Commodity boost

BP sees profits soar amid ‘greening’ plans

BP is investing in new technologies

Soaring commodity prices saw BP post a full-year underlying replacement cost profit of $12.8 billion compared with a net loss of $5.7bn in the previous year, marginally ahead of forecasts.

It said fourth-quarter net profit came in at $4.1bn, beating analyst expectations of $3.9bn.

Chief executive Bernard Looney said the board would continue to invest in “greening” the company which meant that for every pound of profit it makes in the UK it will be investing two in its transition strategy.

The company’s plans to invest in renewables are among the most ambitious in the sector, with an aim to increase spending on low carbon technologies 10-fold, to almost a third of its budget in 10 years.

Mr Looney said: “2021 shows bp doing what we said we would – performing while transforming. We’ve strengthened the balance sheet and grown returns.

“We’re delivering distributions to shareholders with $4.15bn of buybacks announced and the dividend increased. And we’re investing for the future.”

BP maintained its dividend at 5.46 cents per share and boosted its share repurchases targets to $1.5bn per quarter from $1.25bn.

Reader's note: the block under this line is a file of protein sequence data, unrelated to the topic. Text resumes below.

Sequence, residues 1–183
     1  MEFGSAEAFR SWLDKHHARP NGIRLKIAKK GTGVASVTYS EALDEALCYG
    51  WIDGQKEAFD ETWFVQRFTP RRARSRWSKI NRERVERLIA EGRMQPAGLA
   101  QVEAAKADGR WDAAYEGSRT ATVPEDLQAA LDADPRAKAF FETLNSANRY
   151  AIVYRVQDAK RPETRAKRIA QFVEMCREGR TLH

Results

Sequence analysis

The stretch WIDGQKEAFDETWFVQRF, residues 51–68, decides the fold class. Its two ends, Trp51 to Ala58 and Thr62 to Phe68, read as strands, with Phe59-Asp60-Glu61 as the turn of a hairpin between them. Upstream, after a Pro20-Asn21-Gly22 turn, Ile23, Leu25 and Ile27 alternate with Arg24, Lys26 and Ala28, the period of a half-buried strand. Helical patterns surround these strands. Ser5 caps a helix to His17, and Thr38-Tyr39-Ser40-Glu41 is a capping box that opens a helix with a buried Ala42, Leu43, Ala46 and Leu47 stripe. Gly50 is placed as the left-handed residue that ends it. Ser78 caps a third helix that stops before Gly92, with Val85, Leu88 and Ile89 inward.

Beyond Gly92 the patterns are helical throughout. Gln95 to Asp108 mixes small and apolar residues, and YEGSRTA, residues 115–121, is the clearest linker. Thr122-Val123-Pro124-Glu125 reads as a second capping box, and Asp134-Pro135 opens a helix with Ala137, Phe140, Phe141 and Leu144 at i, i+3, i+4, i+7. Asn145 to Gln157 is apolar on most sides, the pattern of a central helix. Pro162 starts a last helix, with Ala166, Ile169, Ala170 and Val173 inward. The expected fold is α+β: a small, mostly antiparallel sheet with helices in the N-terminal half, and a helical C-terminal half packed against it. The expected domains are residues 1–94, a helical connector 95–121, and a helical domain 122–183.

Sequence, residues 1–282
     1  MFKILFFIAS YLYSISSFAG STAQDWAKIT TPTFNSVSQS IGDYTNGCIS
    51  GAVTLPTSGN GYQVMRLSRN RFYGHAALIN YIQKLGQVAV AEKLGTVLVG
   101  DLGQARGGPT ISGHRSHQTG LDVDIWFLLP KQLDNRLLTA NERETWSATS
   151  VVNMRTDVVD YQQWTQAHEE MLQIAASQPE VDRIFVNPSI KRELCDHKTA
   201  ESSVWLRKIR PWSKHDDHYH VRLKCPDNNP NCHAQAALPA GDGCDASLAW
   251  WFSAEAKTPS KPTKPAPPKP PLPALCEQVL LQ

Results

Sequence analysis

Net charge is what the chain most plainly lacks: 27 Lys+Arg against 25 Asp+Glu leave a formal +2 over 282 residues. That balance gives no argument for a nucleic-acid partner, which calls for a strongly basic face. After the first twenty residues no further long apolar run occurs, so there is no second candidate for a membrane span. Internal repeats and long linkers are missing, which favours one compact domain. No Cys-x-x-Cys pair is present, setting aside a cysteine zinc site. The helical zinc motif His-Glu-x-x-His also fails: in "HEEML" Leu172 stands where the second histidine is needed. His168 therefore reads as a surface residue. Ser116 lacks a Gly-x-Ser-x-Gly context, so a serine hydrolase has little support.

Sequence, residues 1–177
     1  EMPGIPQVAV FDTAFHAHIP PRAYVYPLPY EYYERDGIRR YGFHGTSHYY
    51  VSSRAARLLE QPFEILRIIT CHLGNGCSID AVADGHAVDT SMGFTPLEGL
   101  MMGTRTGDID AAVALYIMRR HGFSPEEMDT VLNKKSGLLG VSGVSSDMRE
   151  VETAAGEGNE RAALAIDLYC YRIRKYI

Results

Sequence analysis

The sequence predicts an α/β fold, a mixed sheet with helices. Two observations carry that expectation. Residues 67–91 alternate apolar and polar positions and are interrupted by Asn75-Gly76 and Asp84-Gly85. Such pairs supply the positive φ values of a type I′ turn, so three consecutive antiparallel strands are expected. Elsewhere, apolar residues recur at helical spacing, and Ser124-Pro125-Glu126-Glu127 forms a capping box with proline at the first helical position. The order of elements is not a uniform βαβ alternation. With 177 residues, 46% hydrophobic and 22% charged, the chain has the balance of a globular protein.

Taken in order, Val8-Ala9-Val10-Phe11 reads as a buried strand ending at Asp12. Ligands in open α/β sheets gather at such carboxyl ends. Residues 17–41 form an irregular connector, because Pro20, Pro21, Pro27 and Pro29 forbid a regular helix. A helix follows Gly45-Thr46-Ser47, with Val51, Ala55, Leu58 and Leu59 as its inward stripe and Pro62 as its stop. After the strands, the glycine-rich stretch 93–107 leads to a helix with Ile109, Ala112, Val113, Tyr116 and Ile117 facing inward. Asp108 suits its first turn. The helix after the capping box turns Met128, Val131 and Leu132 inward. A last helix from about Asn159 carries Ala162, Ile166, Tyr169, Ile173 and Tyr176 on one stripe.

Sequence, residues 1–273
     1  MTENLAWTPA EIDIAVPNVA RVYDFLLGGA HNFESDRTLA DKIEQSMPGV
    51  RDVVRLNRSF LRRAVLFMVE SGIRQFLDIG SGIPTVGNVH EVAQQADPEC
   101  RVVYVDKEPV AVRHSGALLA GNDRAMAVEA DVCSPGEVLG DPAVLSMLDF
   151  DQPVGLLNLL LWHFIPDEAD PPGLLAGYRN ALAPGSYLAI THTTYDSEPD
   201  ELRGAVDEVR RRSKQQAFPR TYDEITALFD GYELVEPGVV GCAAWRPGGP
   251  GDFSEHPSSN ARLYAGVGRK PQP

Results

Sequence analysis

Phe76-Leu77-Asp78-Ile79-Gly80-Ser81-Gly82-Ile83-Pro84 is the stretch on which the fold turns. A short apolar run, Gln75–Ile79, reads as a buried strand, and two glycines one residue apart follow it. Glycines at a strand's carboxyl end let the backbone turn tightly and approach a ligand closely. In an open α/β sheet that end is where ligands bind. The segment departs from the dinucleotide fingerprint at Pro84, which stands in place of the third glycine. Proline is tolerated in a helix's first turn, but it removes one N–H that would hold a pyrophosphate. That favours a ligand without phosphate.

Capital spending will grow in 2022 to a range of $14bn to $15bn, up from $12.8bn in 2021.

BP is in line to receive a multimillion-pound dividend from the collapse of the household energy supplier it co-owned.

The oil major and the three co-founders of Pure Planet, which failed in October, are each expected to receive a dividend from the administration of Blue Marble Holdings, its parent company, thanks to valuable energy contracts it held on the supplier’s behalf.

Initial estimates suggest they could receive a payout worth about £11 million each, despite households across Britain being asked to pay £142 million through their energy bills for costs stemming from Pure Planet’s collapse.

Mr Looney insisted last year that there was “no sense here of BP in any way profiting from someone else’s demise”. He told The Times: “If the administrator does make a distribution to BP as a shareholder, we would intend giving that to charity.”

Stuart Lamont, investment manager at Brewin Dolphin, said: “BP was expected to deliver a strong set of results following last week’s update from Shell, and the company has duly delivered.

“Buoyed by the rising oil price, BP has swung to a substantial profit, cut debt, invested in its business, and upped its shareholder distributions.

“Management is striking a positive tone on its progress as BP transitions towards net zero and the company looks to be in a strong position to deliver on its commitments building up to 2030.”

See also: Six oil fields poised to go ahead in North Sea

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